arrow has a severe allergy to eggs
arrow has a bleeding disorder
arrow has had convulsions (fits)

You should also let them know if your child or any other close family member has an illness that affects the immune system such as HIV or AIDS; or is taking medicine that affects the immune system.
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What is diphtheria?

Diphtheria is a disease that usually begins with a sore throat and can quickly cause problems with breathing. it can damage the heart and nervous system and in severe cases can kill.
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What is tetanus?

Tetanus is a painful disease that affects the muscles and can cause breathing problems. it is caused by germs that are found in soil and manure and can get into the body through open cuts or burns. Tetanus affects the nervous the nervous system and, if not treated  can kill.
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What is pertussis (whooping cough)?

Whooping cough is a disease that can cause long bouts of coughing and choking which make it hard to breathe. it can last for upto 10 weeks. It is not usually serious in older children, but it can be very serious in babies under one year old.
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What is Hib?

Hib is an infection that can cause a number of major illnesses like blood poisoning, pneumonia and meningitis. All of these illnesses can kill if they are not treated quickly.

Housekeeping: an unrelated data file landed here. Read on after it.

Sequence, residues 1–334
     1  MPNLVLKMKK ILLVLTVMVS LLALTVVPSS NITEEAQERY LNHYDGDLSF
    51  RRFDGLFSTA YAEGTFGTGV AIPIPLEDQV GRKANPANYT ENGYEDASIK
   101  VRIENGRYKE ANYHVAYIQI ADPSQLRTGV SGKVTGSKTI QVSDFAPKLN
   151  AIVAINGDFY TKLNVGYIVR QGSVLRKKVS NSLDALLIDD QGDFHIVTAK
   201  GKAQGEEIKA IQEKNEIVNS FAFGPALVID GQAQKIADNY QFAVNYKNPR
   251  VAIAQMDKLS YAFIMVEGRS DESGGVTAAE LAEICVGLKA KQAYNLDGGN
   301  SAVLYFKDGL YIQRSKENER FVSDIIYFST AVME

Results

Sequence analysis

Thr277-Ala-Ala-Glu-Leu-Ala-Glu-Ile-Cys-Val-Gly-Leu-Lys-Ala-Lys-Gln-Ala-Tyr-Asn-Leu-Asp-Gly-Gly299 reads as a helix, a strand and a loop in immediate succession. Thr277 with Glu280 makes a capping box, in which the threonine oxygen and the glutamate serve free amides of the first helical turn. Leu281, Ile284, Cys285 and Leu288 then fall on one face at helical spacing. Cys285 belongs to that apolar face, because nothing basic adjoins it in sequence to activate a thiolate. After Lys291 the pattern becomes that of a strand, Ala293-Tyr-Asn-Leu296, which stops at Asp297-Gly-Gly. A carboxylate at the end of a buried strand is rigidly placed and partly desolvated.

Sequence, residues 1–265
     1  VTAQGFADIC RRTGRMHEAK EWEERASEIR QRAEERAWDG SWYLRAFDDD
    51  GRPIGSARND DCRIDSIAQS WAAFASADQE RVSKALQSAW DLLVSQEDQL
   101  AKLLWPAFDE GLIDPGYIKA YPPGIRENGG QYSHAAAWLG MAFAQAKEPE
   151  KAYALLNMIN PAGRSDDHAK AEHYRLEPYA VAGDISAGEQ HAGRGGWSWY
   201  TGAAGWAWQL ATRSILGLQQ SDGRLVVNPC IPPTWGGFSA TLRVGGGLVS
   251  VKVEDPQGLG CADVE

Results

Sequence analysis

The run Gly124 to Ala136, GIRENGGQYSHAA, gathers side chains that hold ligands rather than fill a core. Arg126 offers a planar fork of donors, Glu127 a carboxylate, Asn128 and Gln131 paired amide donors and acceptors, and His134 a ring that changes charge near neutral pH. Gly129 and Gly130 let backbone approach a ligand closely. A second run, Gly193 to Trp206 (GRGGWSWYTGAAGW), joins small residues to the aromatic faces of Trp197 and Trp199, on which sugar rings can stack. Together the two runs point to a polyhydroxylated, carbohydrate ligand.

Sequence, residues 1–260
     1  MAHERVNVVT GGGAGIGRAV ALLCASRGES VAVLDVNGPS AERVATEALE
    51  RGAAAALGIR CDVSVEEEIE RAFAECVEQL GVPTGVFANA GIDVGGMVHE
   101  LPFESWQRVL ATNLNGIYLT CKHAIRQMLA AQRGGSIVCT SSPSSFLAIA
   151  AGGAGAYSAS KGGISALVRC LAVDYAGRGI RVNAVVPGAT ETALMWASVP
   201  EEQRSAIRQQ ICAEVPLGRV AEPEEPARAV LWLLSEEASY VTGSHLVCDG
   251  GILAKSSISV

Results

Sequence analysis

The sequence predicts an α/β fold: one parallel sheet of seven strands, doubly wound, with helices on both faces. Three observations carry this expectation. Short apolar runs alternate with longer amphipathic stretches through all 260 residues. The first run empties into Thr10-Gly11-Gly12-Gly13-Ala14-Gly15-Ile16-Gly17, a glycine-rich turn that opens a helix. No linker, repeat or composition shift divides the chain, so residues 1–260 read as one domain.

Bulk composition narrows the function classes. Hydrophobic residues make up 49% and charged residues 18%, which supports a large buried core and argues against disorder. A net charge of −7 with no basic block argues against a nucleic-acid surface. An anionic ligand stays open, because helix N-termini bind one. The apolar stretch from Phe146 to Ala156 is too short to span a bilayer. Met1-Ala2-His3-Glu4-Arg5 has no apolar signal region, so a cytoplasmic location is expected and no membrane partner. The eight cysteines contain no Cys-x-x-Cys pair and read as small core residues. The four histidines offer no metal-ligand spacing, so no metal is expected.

The Hib vaccine protects your child against one type of meningitis (Hib) only. It does not protect against any other type of meningitis.
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What is polio?

Polio is a virus that attacks the nervous system and can permanently paralyse the muscles. If it affects the chest muscles, polio can kill. The virus is passed in the stool (poo) of people with polio or people who have just been immunised against polio.

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What is meningitis?

Meningitis is an inflammation of the lining of the brain. The same germs that cause meningitis may cause septicaemia (blood poisoning). Babies and young people aged 15 to 17 are most at risk of getting meningitis or septicaemia from a type of bacteria called meningococcal group C. The MenC vaccine protects against infection by meningococcal group C bacteria. The MenC vaccine does not protect against meningitis caused by other bacteria or by viruses.
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Schedule of routine childhood immunisations from September 2015

When to immunise

What is given

How it is given

Two months

Five in one (Diphtheria, Tetanus, acellular pertussis,  Polio and Hib)

One injection

Pneumococcal One injection
Rotavirus By mouth
Men B vaccine One injection
Three months Five in one (2nd) One injection
Meningitis C One injection
Rotavirus (2nd) By mouth
Four months Five in one (3rd) One injection
Pneumococcal (2nd) One injection
Men B vaccine (2nd) One injection
12 to 13 months Combined Hib/meningitis C vaccine One injection
Measles, Mumps and Rubella (MMR) One injection
Pneumococcal booster (3rd) One injection
Men B vaccine (3rd) One injection
2 and 3 year olds Influenza Nasal annually
Three years and 4 months to five years old (pre-school) Diphtheria, Tetanus, acellular pertussis, Polio (dTaP/IPV or DTaP/IPV) One injection

Measles, Mumps and Rubella (MMR) (2nd)

One injection

Girls 12 to 13yrs HPV Gardasil
 
3 Injections at 0m, 1m and 6months intervals
13 to 18 years old Diphtheria, tetanus and Polio (Td/IPV) One injection
Meningitis ACWY One injection

 

Last updated  19 March 2017